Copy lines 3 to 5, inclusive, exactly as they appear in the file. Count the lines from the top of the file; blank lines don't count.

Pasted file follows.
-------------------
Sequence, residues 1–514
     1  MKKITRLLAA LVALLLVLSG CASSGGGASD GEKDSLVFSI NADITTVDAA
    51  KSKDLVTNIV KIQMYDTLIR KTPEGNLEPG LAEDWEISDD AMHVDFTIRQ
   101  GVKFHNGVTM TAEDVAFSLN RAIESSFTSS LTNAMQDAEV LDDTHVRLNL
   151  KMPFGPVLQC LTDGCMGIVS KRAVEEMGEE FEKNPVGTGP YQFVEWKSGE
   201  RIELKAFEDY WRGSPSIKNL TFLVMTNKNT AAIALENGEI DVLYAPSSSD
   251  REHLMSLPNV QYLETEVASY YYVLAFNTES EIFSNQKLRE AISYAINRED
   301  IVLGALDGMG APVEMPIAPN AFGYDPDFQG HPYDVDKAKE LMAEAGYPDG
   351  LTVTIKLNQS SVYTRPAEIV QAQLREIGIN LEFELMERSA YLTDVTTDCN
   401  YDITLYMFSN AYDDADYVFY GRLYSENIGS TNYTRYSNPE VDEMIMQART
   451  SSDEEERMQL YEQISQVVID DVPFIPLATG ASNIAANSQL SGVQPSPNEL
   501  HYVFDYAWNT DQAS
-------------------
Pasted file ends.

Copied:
    51  KSKDLVTNIV KIQMYDTLIR KTPEGNLEPG LAEDWEISDD AMHVDFTIRQ
   101  GVKFHNGVTM TAEDVAFSLN RAIESSFTSS LTNAMQDAEV LDDTHVRLNL
   151  KMPFGPVLQC LTDGCMGIVS KRAVEEMGEE FEKNPVGTGP YQFVEWKSGE